By Mercy Chikhosi Nyirongo

ZOE empowering girls to uplift communities in Madisi, Malawi.

Agricultural development has been adopted as a strategy to achieve poverty reduction, the first of the millennium development goals (MDG). Gender inequalities continue to contribute towards the decline of agriculture in most parts of Malawi. Girls should be active participants in agricultural development to enhance their own capacities and overcome their challenges. In Madisi, where society sustain rigid male supremacy, girl’s work and economic contributions tend to be viewed as nonessential. However, with an increase in female child headed households who derive their livelihood from agriculture, challenges the notion that agricultural production is a male occupation. To address these issues, ZOE orphan empowerment program in Madisi, Malawi is empowering girls to access and control over factors of agricultural production to which they are the major stakeholder.

Fanny Botomani, 16 years old at her one hectare maize garden

Fanny Botomani, 16 years old at her one hectare maize garden

Theresa Botomani, a farmer at 16 years old

Theresa Botomani, a farmer at 16 years old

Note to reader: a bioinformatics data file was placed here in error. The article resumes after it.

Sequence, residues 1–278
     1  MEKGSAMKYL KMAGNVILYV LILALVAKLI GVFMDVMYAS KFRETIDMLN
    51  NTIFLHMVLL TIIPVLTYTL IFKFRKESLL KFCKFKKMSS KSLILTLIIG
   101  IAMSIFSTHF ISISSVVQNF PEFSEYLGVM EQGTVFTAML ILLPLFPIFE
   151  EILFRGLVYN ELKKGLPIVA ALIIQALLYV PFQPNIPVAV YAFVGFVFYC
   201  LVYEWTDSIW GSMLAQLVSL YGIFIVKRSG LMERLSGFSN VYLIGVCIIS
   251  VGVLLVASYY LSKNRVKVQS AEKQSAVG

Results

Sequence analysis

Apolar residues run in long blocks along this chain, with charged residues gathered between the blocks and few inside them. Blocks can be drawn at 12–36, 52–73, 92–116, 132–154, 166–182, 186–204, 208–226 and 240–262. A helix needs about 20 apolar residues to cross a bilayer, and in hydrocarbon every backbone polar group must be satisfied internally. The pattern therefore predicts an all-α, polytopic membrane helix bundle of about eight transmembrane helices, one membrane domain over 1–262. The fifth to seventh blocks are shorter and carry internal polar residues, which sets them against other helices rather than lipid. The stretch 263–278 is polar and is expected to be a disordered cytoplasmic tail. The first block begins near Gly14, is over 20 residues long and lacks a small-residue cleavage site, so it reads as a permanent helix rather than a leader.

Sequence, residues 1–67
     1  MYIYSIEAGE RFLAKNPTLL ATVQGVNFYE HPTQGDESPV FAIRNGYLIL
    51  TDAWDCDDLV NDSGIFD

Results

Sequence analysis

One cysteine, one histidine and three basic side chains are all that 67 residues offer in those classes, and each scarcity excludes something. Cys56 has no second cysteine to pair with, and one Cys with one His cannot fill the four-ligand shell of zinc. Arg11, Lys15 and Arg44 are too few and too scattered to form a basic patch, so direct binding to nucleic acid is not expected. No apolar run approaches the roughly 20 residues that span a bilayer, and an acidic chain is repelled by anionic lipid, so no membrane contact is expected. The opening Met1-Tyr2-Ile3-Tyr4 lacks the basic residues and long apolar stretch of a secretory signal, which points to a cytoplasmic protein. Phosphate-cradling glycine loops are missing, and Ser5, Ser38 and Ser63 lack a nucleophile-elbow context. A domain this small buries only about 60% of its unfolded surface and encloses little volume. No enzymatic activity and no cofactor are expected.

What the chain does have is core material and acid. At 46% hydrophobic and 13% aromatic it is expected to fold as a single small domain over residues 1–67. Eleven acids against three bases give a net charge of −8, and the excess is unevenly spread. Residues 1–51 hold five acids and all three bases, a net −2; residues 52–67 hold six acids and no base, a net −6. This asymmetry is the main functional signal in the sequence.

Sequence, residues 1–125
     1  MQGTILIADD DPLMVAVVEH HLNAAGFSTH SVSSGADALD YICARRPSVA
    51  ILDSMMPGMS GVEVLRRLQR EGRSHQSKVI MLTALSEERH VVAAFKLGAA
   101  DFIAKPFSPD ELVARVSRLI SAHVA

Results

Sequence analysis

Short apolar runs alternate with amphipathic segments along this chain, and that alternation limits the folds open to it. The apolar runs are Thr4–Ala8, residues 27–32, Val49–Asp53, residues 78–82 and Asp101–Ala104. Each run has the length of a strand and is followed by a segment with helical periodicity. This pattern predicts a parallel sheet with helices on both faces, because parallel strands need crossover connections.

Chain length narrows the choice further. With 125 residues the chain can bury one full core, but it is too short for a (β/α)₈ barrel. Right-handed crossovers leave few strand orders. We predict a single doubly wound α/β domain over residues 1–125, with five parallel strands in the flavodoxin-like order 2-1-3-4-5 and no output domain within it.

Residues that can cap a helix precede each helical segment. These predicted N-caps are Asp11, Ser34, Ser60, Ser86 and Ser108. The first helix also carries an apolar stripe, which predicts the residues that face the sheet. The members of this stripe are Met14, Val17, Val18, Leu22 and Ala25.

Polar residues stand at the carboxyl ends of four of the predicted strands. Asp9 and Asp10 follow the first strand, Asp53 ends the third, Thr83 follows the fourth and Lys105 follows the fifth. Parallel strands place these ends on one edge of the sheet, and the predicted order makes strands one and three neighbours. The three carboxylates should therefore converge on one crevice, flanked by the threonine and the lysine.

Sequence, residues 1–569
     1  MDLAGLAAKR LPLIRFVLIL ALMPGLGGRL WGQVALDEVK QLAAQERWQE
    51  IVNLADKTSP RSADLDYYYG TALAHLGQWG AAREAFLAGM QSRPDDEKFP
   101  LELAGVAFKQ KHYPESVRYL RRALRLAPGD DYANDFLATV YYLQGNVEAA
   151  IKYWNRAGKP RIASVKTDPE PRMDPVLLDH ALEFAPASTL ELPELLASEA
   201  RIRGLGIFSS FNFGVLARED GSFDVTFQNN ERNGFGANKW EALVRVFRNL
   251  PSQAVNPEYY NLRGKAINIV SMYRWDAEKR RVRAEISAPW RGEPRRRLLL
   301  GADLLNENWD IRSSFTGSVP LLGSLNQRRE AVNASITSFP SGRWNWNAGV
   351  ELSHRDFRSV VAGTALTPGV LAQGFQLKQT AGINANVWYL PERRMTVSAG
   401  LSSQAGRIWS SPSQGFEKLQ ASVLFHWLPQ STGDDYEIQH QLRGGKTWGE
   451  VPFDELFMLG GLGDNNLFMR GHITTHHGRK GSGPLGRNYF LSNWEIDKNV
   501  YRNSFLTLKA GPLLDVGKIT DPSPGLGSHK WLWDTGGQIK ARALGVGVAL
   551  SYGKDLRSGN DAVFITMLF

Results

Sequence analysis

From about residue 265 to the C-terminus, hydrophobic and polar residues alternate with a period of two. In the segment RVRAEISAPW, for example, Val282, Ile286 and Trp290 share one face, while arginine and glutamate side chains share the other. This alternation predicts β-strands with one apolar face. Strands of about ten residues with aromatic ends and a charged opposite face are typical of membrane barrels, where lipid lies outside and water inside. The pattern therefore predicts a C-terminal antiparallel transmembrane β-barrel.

“The boys in our working group used to intimidate me that I can not make it, that I can not farm. Today, I am happy that I have made it and my garden looks much better than the boys’. I would like to encourage my fellow girls that everything is possible. Before I joined ZOE I used to beg to eat, but that will not be the case this year. I am anticipating bumper harvest” explained Theresa Botomani.

If girls have the same access to resources as boys, they could increase farm yields.  When girls are empowered economically and socially − they become leaders and agents of change for economic growth, social progress and sustainable development.

Marita John, 17 years old, applying fertilizer to her maize garden

Marita John, 17 years old, applying fertilizer to her maize garden

 

Chisomo Tembo 13 years old , smiling as she applies fertilizer to her maize garden

Chisomo Tembo 13 years old , smiling as she applies fertilizer to her maize garden

 

Titha Mayeso, 15 years old

Titha Mayeso, 15 years old

 

“I used to farm without fertilizer, but not anymore. Through ZOE, I managed to get fertilizer, my maize is strong and green as you can see it. I will have a bumper harvest this year. I will not beg any more, myself and my siblings will now manage 3 meals a day. Thank you ZOE” Titha said.

These girls are women of tomorrow. Women are central to the development of rural areas and to national economies. Empowering girls is empowering women. When women are empowered can claim their rights, have access to leadership, opportunities and choices, economies grow, food security is enhanced and prospects are improved for current and future generations.